Charles Haughey was only “mildly impressed” by Mary McAleese as President and, three years before his death, made disparaging remarks about Bertie Ahern’s intelligence.
The views of the late former taoiseach on the first McAleese term and the controversial presidential election of 1997 were revealed yesterday by Senator Terry Leyden, who served as a junior minister in a Haughey-led government in 1982.
Chairing a session at the Percy French Festival in Castlecoote, Co Roscommon, Mr Leyden revealed that he had kept contemporaneous notes of a meeting with Mr Haughey at his home, Abbeville in Kinsealy, Co Dublin, in 2003, three years before he died from prostate cancer.
Mr Leyden said he was accompanied by former Fianna Fáil minister Mary O’Rourke as they had both wanted to see the man who had dominated Irish politics for the previous quarter century, but who was now battling serious illness.
Consulting his notes, he recalled that Mrs O’Rourke had brought a bottle of Dom Pérignon champagne for Mr Haughey and he had some flowers for his wife, Maureen. They were greeted on the steps of Abbeville by the couple at about 6.30pm on Dec 16. They were taken to the private bar where two bottles of white wine were being chilled.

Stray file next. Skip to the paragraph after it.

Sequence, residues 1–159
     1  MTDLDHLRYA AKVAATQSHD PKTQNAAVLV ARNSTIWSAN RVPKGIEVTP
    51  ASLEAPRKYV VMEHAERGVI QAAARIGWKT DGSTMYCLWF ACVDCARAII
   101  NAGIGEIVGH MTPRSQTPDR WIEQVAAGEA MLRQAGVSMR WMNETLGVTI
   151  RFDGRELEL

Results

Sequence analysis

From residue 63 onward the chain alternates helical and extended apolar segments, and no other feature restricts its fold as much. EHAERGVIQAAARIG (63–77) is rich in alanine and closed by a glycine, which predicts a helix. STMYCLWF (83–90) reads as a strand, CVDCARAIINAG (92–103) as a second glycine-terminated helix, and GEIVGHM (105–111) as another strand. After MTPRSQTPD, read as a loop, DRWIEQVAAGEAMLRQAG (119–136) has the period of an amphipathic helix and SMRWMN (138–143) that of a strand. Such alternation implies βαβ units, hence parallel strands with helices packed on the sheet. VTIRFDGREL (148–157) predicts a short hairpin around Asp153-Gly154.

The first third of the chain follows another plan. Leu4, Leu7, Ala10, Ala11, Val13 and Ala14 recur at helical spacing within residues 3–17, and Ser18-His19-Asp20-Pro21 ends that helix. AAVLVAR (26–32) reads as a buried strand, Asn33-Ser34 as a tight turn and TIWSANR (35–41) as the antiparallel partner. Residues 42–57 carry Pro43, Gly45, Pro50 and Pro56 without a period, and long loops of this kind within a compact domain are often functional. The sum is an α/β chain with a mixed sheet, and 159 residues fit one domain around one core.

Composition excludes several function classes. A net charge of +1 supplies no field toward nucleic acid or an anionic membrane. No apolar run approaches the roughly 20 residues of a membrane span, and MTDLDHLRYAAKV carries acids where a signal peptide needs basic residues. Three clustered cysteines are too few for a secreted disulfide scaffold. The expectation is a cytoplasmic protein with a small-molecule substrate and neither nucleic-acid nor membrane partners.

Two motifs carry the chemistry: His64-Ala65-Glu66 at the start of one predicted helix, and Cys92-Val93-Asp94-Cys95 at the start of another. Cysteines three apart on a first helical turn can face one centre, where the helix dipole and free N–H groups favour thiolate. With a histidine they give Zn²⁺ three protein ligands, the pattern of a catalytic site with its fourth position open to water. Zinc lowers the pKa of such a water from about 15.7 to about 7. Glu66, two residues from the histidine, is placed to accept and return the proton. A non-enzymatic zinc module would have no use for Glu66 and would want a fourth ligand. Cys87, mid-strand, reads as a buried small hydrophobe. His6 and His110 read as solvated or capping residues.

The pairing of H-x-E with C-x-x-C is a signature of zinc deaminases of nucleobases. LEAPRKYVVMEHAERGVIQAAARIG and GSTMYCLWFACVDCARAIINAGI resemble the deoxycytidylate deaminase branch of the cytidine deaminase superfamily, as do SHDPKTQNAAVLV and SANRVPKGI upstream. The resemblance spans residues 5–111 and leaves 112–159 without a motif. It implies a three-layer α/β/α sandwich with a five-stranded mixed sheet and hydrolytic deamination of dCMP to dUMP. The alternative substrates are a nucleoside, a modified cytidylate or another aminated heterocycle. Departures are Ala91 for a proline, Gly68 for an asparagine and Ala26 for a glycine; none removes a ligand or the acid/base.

“French television was on in the background — he was a real Francophile,” Mr Leyden recalled.
A range of topics were discussed, including RTÉ, Mr Haughey’s difficulty in understanding the accent of the then cathaoirleach of the Seanad, and Mr Ahern’s intelligence.
Mrs O’Rourke commented on Mr Ahern’s reference at a parliamentary party meeting to his concern at a number of cabals apparently forming within Fianna Fáil, but had used the word ‘kebabs’.
Mrs O’Rourke wondered if Mr Ahern had enunciated the malapropism deliberately, to which Mr Haughey replied: “Oh, I don’t think he’s that intelligent.”
The conversation eventually came around to the McAleese presidency. Mrs McAleese had emerged to defeat former taoiseach Albert Reynolds to become the Fianna Fáil candidate and was elected to the Áras in Nov 1997.
Referring to her presidency, Mr Haughey said that he was “mildly impressed” but went on to offer the opinion: “If Reynolds went, Dana would have been elected.”
Mr Haughey also referred to John Hume’s desire to run in the 1997 election, but noted that a senior figure in Fianna Fáil had discouraged him from the idea.
“My notes of the meeting in Kinsealy are contemporaneous and accurate,” Mr Leyden said.
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